being considered for president of Yale--no, Harvard. He would know too much to be president of Yale.
Then there was the familiar instance of the Spartan youth who having stolen a fox and hidden it inside his robe calmly stood up and let the animal gnaw his vitals rather than be caught with it in his possession. But, why? I ask you, why? What was the good of it all? What object was served? To begin with, the boy had absconded with somebody else's fox, or with somebody's else fox, which is undoubtedly the way a compiler of school readers would phrase it. This, right at the beginning, makes the morality of the transaction highly dubious. In the second place, he showed poor taste. If he was going to swipe something, why should he not have swiped a chicken or something else of practical value?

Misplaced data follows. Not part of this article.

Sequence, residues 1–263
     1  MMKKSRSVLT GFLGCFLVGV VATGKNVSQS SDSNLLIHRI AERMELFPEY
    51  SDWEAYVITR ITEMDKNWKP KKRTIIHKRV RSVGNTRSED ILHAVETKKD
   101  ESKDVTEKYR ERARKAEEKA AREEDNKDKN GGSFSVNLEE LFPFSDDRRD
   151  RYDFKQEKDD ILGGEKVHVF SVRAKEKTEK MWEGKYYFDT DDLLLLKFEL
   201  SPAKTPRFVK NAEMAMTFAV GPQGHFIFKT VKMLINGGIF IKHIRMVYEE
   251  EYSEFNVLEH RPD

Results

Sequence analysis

We waive that point, though, and come to the lack of discretion shown by the fox. He starts eating his way out through the boy, a messy and difficult procedure, when merely by biting an aperture in the tunic h
A frequently funny essay on the advantages of trash literature over the real thing. The author is stuck in an oceanside hotel with nothing to read, and picks up and old Fifth Reader. It leads him to reminisce about the required and forbidden reading of his childhood.
It is similar to Twain's, Fenimore Cooper's Literary Offences, though Twain's scalpel is sharper.